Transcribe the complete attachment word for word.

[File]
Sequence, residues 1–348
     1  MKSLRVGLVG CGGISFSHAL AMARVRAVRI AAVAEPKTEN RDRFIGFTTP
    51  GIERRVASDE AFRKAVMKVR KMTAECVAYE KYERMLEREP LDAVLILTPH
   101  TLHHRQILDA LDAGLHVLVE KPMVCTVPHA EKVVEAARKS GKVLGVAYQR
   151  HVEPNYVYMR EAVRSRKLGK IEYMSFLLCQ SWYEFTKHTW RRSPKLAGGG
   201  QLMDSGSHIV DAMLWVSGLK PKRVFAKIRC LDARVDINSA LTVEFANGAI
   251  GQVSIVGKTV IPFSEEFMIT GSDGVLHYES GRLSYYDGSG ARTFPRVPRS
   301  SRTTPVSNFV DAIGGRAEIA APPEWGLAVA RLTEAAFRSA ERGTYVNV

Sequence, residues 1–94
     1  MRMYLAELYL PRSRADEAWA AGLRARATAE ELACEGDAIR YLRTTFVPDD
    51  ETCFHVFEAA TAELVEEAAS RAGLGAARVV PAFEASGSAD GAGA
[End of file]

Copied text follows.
Sequence, residues 1–348
     1  MKSLRVGLVG CGGISFSHAL AMARVRAVRI AAVAEPKTEN RDRFIGFTTP
    51  GIERRVASDE AFRKAVMKVR KMTAECVAYE KYERMLEREP LDAVLILTPH
   101  TLHHRQILDA LDAGLHVLVE KPMVCTVPHA EKVVEAARKS GKVLGVAYQR
   151  HVEPNYVYMR EAVRSRKLGK IEYMSFLLCQ SWYEFTKHTW RRSPKLAGGG
   201  QLMDSGSHIV DAMLWVSGLK PKRVFAKIRC LDARVDINSA LTVEFANGAI
   251  GQVSIVGKTV IPFSEEFMIT GSDGVLHYES GRLSYYDGSG ARTFPRVPRS
   301  SRTTPVSNFV DAIGGRAEIA APPEWGLAVA RLTEAAFRSA ERGTYVNV

Sequence, residues 1–94
     1  MRMYLAELYL PRSRADEAWA AGLRARATAE ELACEGDAIR YLRTTFVPDD
    51  ETCFHVFEAA TAELVEEAAS RAGLGAARVV PAFEASGSAD GAGA